Estelle Axton, who helped create the legendary US soul music label Stax, has died in hospital in Memphis aged 85.
Axton helped to create a soul music legend
Axton and brother Jim Stewart began the label in a former cinema, combining the first part of their surnames to create the Stax name.
Memphis-based Stax was home to artists such as Otis Redding, Rufus Thomas, Isaac Hayes and Booker T & the MGs.
Axton helped give Stax its reputation for racial harmony, as black and white artists came together there to record.
The Stax studio, which became known as "Soulsville USA", was second only to Motown in its production of soul hits during its 1960s heyday.
It was also remarkable for being an integrated business in a largely segregated city.
The old Stax studio brought black and white artists together
Axton and her brother were white, while most of their hitmakers were black. "We never looked at colour - we looked at people," she once said.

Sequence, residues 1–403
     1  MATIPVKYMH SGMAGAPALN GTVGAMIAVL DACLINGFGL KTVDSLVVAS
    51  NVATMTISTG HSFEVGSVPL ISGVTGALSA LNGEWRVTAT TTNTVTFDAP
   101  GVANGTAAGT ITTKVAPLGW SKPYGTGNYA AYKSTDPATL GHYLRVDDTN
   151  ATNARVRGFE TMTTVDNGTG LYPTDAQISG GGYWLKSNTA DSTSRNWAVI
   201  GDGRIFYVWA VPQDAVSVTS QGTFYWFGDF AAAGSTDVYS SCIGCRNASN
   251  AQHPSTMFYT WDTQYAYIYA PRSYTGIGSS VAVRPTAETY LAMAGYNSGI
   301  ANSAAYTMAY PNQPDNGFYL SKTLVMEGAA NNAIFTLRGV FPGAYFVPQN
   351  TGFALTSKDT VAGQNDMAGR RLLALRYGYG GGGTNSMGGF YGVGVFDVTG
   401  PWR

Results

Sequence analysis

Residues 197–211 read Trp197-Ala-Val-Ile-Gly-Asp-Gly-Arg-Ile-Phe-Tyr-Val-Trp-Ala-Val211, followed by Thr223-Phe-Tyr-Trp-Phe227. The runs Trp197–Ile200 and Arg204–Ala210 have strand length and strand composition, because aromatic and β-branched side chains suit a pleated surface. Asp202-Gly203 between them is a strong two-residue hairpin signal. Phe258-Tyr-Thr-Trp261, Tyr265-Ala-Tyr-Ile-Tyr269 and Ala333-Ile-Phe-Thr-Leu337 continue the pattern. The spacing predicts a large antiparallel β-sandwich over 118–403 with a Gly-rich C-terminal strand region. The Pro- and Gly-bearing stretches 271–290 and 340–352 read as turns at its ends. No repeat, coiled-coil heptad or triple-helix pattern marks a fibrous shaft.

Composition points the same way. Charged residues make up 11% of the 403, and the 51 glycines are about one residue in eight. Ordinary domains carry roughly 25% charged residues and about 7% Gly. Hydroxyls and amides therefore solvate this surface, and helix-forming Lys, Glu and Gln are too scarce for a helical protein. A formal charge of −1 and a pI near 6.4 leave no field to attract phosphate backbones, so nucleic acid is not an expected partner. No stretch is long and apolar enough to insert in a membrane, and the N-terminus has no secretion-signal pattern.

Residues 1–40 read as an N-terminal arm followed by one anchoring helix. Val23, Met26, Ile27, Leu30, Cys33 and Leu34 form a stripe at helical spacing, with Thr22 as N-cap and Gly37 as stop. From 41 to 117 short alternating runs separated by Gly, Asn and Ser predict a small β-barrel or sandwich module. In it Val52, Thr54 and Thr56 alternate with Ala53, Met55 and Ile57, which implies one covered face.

Axton grew up in Middleton, Tennessee, and trained as a teacher before going into business with her brother in 1959.
They originally began as Satellite Records, about 30 miles outside Memphis, but struggled to attract artists to their studio and looked for a city location.
The first singers to record at the studio were father and daughter Rufus and Carla Thomas.
In 1969, after disagreement about the label's direction, Axton quietly left the company.
It went bankrupt in 1975, and the old Stax headquarters was demolished in 1989.
Last year, a new building opened on the site as the Stax Museum of American Soul Music and the Stax Music Academy.
Axton, who died of natural causes on Tuesday, is survived by a daughter, Doris.